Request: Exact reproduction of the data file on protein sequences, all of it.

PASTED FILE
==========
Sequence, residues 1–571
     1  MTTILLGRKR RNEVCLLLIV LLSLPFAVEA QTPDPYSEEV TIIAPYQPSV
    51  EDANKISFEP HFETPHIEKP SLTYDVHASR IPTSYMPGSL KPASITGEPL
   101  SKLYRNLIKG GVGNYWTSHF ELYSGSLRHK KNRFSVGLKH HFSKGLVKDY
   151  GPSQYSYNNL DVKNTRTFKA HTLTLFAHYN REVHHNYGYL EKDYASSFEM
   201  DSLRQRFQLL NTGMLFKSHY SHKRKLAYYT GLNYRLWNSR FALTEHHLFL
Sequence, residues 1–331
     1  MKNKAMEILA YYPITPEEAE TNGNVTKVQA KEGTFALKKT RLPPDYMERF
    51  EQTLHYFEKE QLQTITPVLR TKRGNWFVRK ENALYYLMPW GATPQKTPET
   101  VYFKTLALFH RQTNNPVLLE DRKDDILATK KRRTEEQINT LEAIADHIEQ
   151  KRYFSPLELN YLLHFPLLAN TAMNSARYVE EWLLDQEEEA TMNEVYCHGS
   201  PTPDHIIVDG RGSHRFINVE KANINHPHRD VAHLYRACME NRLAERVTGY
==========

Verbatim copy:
Sequence, residues 1–571
     1  MTTILLGRKR RNEVCLLLIV LLSLPFAVEA QTPDPYSEEV TIIAPYQPSV
    51  EDANKISFEP HFETPHIEKP SLTYDVHASR IPTSYMPGSL KPASITGEPL
   101  SKLYRNLIKG GVGNYWTSHF ELYSGSLRHK KNRFSVGLKH HFSKGLVKDY
   151  GPSQYSYNNL DVKNTRTFKA HTLTLFAHYN REVHHNYGYL EKDYASSFEM
   201  DSLRQRFQLL NTGMLFKSHY SHKRKLAYYT GLNYRLWNSR FALTEHHLFL
Sequence, residues 1–331
     1  MKNKAMEILA YYPITPEEAE TNGNVTKVQA KEGTFALKKT RLPPDYMERF
    51  EQTLHYFEKE QLQTITPVLR TKRGNWFVRK ENALYYLMPW GATPQKTPET
   101  VYFKTLALFH RQTNNPVLLE DRKDDILATK KRRTEEQINT LEAIADHIEQ
   151  KRYFSPLELN YLLHFPLLAN TAMNSARYVE EWLLDQEEEA TMNEVYCHGS
   201  PTPDHIIVDG RGSHRFINVE KANINHPHRD VAHLYRACME NRLAERVTGY